Cold air damming can contribute to at least light precipitation production as warmer, higher dew point air from the southwest, south, or east is lifted over the dense colder air. The cold air acts as "effective terrain" such that the less dense warm is forced to rise up over the barrier of colder air.

Another lifting mechanism called "frontogenetic forcing" also contributes to precipitation formation in some circumstances. Frontogenesis is the process of increasing the temperature (or density) gradient by pushing opposing warm and cold air masses together. Air is forced upward toward the cold air since the boundary slopes toward the cold air. The process increases the steepness of the boundary causing the air to rise in a more abrupt fashion. The strength of the lift is influenced by additional factors such as the stability of the air above the frontogenetic zone. If the air above is more stable resistance to rising is greater. Lower stability allows for stronger upward motion. Forcing will likely be strongest along the periphery of the cold air. Orographic lifting due to the Appalachian Mountains also provides lift for precipitation enhancement.

Duration and strength of cold air damming events

The duration of an event depends in part on the strength and depth of the cold air, the efficiency to which the cold air is maintained, and various mechanisms acting to warm the air. Melting and evaporation can cool the air if precipitation occurs. Adiabatic cooling results from upslope as air moves from the Coastal Plain and lower Piedmont up into the higher Piedmont, the Foothills, and the Appalachian Mountains. In cases associated with extensive cloud cover, the clouds protect the cold air by reducing the sun's radiation. Precipitation produced by storm systems moving through the southeast United States can also balance the sun's heating by cooling the air through evaporation, sublimation, or melting.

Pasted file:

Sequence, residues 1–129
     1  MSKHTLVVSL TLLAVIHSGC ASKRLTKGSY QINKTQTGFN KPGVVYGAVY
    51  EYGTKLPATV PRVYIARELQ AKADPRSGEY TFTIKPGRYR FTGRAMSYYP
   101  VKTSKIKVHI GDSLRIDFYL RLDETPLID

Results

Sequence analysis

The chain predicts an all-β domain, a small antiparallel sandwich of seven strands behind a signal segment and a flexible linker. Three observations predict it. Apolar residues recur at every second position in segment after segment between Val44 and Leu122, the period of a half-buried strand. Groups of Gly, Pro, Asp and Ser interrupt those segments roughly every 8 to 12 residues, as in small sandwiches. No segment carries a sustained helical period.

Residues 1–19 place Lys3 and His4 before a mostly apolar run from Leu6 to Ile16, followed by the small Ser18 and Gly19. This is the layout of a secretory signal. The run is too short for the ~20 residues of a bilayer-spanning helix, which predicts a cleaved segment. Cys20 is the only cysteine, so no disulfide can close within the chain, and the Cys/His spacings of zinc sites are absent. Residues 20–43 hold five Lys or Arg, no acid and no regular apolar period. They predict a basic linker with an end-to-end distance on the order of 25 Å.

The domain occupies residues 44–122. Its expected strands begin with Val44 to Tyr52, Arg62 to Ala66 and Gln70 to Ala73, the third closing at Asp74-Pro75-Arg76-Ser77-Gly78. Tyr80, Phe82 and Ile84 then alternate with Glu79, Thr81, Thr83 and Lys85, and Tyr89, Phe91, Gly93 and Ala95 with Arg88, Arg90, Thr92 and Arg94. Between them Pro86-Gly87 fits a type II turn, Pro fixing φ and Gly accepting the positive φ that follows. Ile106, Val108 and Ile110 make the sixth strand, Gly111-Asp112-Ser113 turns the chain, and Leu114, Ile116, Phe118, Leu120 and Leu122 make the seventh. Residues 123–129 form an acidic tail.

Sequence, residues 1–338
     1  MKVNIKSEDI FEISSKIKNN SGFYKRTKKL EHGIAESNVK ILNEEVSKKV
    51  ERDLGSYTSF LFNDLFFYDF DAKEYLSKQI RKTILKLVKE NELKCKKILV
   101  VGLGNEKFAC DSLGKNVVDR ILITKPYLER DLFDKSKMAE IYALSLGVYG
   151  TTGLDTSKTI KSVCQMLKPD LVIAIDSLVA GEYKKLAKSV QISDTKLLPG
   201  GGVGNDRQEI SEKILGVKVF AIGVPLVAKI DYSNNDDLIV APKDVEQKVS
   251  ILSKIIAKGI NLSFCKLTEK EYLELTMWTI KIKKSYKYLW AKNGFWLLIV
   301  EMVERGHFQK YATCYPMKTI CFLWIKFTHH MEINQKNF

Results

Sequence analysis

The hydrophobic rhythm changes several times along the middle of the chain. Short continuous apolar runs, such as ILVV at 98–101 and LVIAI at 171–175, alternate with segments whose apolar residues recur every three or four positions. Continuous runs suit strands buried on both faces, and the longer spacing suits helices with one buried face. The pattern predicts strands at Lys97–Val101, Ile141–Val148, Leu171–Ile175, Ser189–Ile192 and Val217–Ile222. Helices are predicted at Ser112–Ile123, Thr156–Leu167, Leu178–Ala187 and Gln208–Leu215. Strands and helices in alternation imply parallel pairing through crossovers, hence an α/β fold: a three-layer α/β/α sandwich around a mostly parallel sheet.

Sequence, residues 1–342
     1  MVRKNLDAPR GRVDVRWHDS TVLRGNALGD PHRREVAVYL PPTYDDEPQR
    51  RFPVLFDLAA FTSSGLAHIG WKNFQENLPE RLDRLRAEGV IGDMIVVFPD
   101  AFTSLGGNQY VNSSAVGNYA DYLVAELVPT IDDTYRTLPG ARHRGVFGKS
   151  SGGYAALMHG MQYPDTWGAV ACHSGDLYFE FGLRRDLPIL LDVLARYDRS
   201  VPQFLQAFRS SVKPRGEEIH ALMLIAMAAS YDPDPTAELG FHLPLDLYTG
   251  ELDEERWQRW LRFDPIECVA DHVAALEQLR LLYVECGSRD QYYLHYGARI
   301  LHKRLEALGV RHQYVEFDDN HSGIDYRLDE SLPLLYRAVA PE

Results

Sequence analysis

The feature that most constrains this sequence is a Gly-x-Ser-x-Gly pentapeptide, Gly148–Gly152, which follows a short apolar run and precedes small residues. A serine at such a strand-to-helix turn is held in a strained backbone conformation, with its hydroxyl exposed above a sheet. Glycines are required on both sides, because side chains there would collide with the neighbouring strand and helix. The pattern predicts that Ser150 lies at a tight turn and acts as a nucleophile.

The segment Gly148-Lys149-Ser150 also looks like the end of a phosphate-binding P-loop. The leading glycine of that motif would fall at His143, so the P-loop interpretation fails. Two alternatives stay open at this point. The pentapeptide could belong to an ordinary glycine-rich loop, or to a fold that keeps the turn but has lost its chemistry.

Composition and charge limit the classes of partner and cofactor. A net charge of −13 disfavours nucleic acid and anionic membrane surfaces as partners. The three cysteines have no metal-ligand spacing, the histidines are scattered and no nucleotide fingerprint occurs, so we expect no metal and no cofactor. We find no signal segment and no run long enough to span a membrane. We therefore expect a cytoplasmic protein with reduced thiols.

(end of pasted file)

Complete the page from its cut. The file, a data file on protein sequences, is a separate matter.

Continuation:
The development of a warm front, and its associated trough of low pressure, along the Atlantic Coast, helps to exaggerate the sharpness of the high pressure ridge to the west. The sharper ridge shape forces the wind to blow from the north-northeast as opposed to blowing from the east-northeast. The stronger north component to the wind helps funnel cold air from the north. The development of a coastal warm front is frequently aided by the approach of a surface low pressure system from the southwest which increases the flow of warm air from the Atlantic Ocean. The warm air increases the temperature gradient between the cold air over the land.


A Climatology of Southern Appalachian Cold-Air Damming* - Jared A. Rackley and John A. Knox - Department of Geography, The University of Georgia, Athens, Georgia

A Comprehensive Climatology of Appalachian Cold Air Damming - Christopher M. Bailey and Gary M. Lackmann, North Carolina State University, Raleigh, NC; Gail Hartfield and Kermit Keeter, National Weather Service, Raleigh, NC

Cold Air Damming in the Appalachian Mountains - Alec S. Bogdanoff

Cold Air Damming discussion from "theweatherprediction.com" website - Article written by Robert Meyer, website created by Jeff Haby (view)